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It’s Time for a Dehumidifier
The heat and humidity of summer are around the corner! Don’t let summer’s stickiness take its toll on your comfort - or your home. Now is the time to invest in a dehumidifier…
Do I Really Need a Dehumidifier?
The U.S. Environmental Protection Agency (EPA) recommends maintaining humidity levels in the home of 30-60% to maintain comfort, prevent mold, and protect your home and contents from damage. The EPA’s Energy Star website points to these common indications that dehumidification is necessary in your home…
- ‘Stuffy’ or ‘clammy’ rooms.
- Musty smells.
- Condensation on windows.
- Wet stains on walls/ceilings.
- Mold and mildew issues.
- Rotting wood.
- Pest problems (bugs love moisture).
- Allergies (related to mold, bacteria, dust mite and pest proliferation).
How Does a Dehumidifier Work?
For obvious reasons, dehumidifiers work best in a closed environment. As hot air is capable of retaining more moisture than cold air, dehumidifiers take advantage of this principle. Sucking in air from within the room, they perform dehumidification by passing air over a cold evaporator coil filled with refrigerant to create condensation. Condensation collected on the evaporator is collected in a drip basin or is drained out via plumbing. The dehumidifier then reheats the air and blows it back into the room/your home. As this happens, the refrigerant cycles through a compressor and condenser to be passed through the evaporator coil again as the cycle repeats itself until the desired relative humidity is reached. (Dehumidifier models with a humidistat allow you to set the humidity level, much like you would the temperature thermostat on an HVAC system.) If you think this sounds an awful lot like the way your air conditioner works, you’re right. But your A/C can’t detect relative humidity, and it also can’t reheat the air before exhausting it, which is why if you try to use the A/C for dehumidification - you’ll rapidly overcool your home.
If your home feels humid or sticky, a dehumidifier can improve indoor air quality and enhance comfort, but it’s important to get the humidity settings right to experience the benefits.
Not sure how to determine which setting is right for your home? We’ve got you covered with our guide to achieving the perfect humidity setting for any room, so you can get the most out of your dehumidifier.
Dehumidifier Humidity Settings: What Are They and Why Do They Matter?
The first step to determining the proper dehumidifier setting is understanding how your dehumidifier works. Dehumidifiers operate by removing water vapor from the air to keep your room dry. A fan draws in and traps moist air from a room, and coils inside the humidifier work to cool down the air. This process causes the moisture in the air to condense into water droplets that the dehumidifier collects in a bucket or drain hose. Then, the dry air is released back into the room. In this manner, dehumidifiers help regulate the moisture levels in a room.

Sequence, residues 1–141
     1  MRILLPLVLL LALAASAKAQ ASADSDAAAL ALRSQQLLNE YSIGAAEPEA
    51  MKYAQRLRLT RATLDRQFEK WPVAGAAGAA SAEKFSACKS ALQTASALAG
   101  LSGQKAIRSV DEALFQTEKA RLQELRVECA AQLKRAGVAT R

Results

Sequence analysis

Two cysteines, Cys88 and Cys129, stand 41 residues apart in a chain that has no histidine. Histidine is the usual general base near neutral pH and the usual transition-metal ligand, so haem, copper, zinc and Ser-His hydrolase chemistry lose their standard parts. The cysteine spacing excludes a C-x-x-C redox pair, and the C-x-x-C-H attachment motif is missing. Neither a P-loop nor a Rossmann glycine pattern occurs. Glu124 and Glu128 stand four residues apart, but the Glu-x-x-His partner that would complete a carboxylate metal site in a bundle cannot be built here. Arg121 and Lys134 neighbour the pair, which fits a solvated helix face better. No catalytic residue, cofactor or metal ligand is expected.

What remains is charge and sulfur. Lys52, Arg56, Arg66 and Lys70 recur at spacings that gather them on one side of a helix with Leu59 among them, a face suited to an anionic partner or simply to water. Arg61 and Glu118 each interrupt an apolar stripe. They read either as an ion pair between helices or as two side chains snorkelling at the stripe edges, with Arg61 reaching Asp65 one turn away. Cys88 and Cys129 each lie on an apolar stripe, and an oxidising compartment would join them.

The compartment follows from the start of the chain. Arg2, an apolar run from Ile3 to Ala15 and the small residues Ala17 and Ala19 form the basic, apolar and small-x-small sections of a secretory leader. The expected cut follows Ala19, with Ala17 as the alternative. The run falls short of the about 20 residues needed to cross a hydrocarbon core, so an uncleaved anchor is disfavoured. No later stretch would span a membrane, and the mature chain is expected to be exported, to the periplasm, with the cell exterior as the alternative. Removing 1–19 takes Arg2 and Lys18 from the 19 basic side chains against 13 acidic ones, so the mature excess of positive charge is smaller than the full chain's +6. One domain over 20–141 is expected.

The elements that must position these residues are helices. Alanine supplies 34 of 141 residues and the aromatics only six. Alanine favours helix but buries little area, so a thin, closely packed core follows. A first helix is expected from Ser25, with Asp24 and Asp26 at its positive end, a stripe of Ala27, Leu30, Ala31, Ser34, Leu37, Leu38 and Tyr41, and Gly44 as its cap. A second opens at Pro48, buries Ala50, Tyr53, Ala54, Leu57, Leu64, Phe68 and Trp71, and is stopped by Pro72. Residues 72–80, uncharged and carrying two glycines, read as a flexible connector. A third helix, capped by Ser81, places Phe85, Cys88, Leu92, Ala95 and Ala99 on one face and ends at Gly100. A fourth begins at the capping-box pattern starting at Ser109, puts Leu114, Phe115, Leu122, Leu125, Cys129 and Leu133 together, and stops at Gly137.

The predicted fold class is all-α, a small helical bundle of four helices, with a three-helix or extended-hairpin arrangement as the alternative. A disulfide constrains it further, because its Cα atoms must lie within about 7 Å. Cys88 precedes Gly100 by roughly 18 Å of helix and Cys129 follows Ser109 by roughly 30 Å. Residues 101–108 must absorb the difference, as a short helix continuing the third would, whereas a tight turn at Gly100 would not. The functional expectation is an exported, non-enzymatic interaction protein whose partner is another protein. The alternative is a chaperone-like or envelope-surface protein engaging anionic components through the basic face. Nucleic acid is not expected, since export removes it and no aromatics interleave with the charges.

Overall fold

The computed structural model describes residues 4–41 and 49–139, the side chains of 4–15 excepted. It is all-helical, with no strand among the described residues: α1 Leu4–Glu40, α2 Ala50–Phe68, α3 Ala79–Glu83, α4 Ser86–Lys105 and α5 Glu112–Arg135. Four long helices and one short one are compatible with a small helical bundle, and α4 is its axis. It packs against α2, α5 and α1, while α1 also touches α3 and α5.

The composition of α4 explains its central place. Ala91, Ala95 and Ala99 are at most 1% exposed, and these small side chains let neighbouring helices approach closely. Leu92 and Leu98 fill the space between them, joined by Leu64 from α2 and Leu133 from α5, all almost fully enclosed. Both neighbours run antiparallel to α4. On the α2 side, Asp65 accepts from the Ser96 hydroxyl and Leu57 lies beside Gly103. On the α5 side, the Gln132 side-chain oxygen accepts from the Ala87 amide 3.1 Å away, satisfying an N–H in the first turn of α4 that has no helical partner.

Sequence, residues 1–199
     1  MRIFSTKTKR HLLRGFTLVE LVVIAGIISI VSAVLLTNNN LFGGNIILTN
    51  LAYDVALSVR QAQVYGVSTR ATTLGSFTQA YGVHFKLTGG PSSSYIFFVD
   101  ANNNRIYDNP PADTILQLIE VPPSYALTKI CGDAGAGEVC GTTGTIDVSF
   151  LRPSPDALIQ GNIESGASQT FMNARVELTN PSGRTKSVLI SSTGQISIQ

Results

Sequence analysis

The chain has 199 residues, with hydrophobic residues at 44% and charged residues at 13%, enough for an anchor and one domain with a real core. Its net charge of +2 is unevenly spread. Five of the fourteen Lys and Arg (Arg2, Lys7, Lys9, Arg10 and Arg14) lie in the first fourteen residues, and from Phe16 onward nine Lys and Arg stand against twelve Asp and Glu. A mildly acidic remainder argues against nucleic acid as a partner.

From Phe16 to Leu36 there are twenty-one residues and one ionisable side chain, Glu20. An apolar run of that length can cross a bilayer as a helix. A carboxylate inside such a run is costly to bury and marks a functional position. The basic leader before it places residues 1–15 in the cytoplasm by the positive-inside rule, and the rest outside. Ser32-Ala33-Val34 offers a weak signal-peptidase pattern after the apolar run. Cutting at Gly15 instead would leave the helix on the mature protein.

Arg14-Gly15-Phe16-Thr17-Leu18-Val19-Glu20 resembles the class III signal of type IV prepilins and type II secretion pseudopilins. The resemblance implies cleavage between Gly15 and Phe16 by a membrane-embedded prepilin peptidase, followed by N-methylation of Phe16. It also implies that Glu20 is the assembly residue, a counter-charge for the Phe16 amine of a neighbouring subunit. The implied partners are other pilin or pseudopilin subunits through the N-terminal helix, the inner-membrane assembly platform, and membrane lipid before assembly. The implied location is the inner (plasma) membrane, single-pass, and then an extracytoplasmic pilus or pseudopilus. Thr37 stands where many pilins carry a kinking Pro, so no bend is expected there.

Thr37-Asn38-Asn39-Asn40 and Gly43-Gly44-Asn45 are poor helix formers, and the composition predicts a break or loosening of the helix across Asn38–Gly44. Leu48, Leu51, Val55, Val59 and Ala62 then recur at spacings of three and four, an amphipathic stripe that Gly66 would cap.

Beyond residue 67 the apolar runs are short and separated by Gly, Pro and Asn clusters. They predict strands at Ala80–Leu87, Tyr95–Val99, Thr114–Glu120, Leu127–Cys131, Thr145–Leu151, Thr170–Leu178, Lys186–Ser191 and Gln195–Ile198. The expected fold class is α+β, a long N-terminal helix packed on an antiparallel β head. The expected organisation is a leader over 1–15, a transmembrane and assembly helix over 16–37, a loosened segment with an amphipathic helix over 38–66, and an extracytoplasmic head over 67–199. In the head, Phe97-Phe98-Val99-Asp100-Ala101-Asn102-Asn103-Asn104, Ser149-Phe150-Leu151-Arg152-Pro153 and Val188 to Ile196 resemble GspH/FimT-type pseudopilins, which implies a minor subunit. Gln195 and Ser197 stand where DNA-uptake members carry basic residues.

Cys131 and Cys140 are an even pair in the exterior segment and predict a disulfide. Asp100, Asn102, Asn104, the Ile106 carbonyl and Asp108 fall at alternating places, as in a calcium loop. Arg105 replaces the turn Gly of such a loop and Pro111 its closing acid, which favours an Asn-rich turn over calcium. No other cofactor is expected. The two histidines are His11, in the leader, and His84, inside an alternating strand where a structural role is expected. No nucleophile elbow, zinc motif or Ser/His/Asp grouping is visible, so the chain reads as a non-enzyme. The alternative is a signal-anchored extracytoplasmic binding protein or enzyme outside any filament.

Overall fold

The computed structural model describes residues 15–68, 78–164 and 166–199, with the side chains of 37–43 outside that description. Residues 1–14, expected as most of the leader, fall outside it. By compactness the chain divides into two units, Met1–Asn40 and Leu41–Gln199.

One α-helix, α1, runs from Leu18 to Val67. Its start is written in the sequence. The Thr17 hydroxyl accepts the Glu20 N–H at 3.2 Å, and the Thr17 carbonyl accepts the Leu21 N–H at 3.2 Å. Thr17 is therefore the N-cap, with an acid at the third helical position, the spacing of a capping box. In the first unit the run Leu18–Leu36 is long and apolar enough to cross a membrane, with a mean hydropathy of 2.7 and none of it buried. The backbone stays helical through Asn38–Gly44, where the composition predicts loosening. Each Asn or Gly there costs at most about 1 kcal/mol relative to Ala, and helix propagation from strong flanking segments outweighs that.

The humidity setting that you should select depends on the humidity level of the room where the dehumidifier is located. In rooms that have high levels of moisture and humidity, such as basements, a dehumidifier will help regulate the humidity level to prevent mold and other bacterial growth. Your dehumidifier’s specific setting is important because if it is not set appropriately, your room may remain muggy or become too dry.
Optimal Dehumidifier Humidity Setting
So, what is the best humidity setting for a dehumidifier? To prevent mold growth and keep your home’s relative humidity at a comfortable level, we recommend aiming for 30%-50% humidity in your home. Ideally, that should equate to a dehumidifier humidity setting of around 40%, but you may wish to adjust it up or down to find the humidity level that feels most comfortable for your space and your household.
Now, you might be wondering: How do I check the current level of humidity in my room to make sure it is within the acceptable humidity range? Many dehumidifiers can read the current humidity level in a room automatically. If your humidifier is not equipped with a built-in humidity reading, you can purchase a standalone hygrometer.
For more information about protecting the quality of your air, please contact Aire Serv® today.
Call Aire Serv at (540) 692-6955 for an Appointment! We’re like EMTs for your HVAC!